Games can often feel like some kind of sorcery, impossibly complex and created by people with inhuman ability. But they’re just people. Highly talented people, but still. Anodyne 2 is not sorcery, but it is a kind of magic, an ordinary magic that is all the more exceptional because of it.
I am not sure if Evan’s Remains entirely earns its thematic heft when so much of it is inscrutable, but that it is willing to end its plot in a moment of intense duress is daring enough to elevate its weaker moments. It's untidy, its themes barely cohesive. But if Evan's Remains was not so unusual, if it had simply doubled-down on puzzles and pretty screens, I do not think it would have left half the impression it did.
Saving You From Yourself is just one story. In this one, it is possible to have a happy ending, for the experience of transitioning to be as friction-less as possible. But at every point it emphasizes how discrimination corrupts that process, making a moment of self-actualization a sequence of bureaucratic roadblocks. It was timely in 2018 and has only grown more significant in the time since release.
Had Signs of the Sojourner allowed the player to fail without having the door slammed in their face, it would be easier to forgive some of the flatness present in its card system or the brevity of its script. But by framing conversations as games to be won without anticipating how often they’d be lost, huge chunks of the game become sequences of frustrating nonsequiturs.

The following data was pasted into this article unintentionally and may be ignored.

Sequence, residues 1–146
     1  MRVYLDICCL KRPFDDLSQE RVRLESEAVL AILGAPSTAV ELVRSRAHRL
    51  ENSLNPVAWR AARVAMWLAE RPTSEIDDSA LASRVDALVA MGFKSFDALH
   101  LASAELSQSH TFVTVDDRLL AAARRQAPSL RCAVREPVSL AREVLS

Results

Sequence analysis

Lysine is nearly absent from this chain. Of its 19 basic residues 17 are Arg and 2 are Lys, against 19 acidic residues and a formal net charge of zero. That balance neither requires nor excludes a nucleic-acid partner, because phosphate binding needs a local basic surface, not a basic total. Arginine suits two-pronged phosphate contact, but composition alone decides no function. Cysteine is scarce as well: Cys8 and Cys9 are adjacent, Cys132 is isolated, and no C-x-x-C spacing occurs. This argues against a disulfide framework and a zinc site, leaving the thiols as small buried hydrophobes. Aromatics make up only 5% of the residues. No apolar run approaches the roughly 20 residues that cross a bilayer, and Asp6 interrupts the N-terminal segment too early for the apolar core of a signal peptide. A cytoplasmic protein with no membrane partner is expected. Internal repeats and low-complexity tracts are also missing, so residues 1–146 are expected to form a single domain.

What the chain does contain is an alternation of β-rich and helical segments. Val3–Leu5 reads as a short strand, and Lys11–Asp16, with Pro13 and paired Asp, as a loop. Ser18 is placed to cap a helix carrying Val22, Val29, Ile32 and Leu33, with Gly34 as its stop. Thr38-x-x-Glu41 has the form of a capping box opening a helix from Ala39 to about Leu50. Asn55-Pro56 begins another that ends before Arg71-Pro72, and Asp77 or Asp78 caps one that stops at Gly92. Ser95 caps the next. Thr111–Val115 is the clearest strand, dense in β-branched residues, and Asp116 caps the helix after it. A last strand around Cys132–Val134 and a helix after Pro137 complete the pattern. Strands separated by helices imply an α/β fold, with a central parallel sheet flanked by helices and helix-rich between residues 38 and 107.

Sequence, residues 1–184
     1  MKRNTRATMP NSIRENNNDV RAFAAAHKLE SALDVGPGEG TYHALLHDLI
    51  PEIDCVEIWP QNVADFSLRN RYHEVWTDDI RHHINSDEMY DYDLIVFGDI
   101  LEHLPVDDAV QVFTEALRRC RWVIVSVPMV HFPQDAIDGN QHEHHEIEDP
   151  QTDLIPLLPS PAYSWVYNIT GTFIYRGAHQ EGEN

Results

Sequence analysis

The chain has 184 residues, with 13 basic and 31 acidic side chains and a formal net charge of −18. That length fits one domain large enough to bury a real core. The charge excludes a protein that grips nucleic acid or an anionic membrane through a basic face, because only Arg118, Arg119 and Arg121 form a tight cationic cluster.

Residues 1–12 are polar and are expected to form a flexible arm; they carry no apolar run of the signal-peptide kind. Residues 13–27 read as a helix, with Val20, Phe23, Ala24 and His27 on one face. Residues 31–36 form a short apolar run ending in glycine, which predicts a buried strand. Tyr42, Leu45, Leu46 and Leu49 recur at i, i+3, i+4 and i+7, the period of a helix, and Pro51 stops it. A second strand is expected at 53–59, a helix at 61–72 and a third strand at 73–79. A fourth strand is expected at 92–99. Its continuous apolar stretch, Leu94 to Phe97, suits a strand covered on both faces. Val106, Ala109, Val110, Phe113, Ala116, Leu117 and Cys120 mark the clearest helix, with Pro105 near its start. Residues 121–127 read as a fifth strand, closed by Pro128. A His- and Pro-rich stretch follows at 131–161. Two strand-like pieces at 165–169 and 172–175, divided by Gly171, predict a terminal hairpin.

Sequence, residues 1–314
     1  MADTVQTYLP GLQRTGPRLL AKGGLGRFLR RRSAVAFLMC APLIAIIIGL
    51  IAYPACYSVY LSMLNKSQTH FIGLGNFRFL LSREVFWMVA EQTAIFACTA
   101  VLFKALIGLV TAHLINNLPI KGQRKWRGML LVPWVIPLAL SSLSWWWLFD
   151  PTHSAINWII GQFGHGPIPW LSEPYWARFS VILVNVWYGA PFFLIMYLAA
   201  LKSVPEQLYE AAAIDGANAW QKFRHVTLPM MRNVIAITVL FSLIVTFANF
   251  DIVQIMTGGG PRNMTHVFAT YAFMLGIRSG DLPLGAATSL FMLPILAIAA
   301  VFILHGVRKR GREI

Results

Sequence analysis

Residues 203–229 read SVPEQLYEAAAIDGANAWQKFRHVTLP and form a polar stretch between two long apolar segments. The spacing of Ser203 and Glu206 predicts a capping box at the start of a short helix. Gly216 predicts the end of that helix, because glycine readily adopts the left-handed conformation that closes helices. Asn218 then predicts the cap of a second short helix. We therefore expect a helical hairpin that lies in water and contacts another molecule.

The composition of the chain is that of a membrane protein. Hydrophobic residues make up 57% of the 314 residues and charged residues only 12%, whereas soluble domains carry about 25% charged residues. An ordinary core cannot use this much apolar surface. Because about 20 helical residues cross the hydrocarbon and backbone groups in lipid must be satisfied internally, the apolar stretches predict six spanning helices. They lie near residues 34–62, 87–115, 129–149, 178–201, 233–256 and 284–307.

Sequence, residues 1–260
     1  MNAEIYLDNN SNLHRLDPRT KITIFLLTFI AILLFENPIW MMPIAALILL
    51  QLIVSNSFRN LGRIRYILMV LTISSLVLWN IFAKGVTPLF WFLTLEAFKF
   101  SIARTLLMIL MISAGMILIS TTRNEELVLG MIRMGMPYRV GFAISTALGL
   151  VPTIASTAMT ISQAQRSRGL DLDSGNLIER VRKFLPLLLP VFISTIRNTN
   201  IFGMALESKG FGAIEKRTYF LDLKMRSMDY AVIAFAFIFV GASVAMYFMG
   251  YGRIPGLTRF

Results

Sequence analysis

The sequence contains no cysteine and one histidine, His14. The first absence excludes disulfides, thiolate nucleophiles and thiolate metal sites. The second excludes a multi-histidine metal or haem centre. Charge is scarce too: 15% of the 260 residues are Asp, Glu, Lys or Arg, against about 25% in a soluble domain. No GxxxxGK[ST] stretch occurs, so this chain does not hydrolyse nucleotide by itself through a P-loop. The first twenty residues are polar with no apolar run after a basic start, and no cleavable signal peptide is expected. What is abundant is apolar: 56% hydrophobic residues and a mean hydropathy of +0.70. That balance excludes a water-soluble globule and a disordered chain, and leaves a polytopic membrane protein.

Near Death consistently hits the highs of the best survivalist fiction, so engrossing as to cause me to turn up the heat in my own home out of fear. But it is a story we have heard before. There is little to take away from Near Death that has not been played out in other works, and it made me long for the stories of survival that position life as not an individual pursuit but a collective triumph.
Games like Orwell recklessly attempt to work backward from the lies used to justify surveillance, rather than recognizing that we have to fight the concept itself. It is a game decades too late to matter and does more to legitimize its target than it does to take them down.
Corruption 2029 feels like a straight to VHS sequel. Zoomed out it looks like what you’d expect the studio to do next, albeit with a different theme and fewer talking ducks. But there is no soul, no justification for the game’s existence, and numerous moments where it feels actively inferior to a game that came out two years ago.
I like so much of what Mutant is attempting to do. Dux and Bormin are delightful, adding stealth gameplay onto a tactics game is clever and works well before becoming played out, and there are so few tactics games to speak of that even one which is otherwise derivative provided a welcome excursion for a few hours. It's so frustrating that everything begins to fall apart right as the game comes into its own.
Wandersong is a game of cosmic circumstances on a humble scale. It deals with questions of archetypes, destiny, an understanding of the self, and how our actions shape the world around us. It is a game that begs to be read as analogous to the hopeless pessimism that permeates modern life as well as a commentary on the tropes games so consistently employ, using our familiarity with both these elements to subvert the traditional hero’s journey.
Beyond Eyes is fragmented, half-hearted, and dull, and I doubt I would have cared enough to write this much if it wasn’t also irresponsible with its subject matter. I do believe Tiger & Squid had good intentions, and Beyond Eyes is far from paving any roads to hell. I just wish they had spent as much time considering Beyond Eyes’ framing device and mechanics as they did editing its trailer.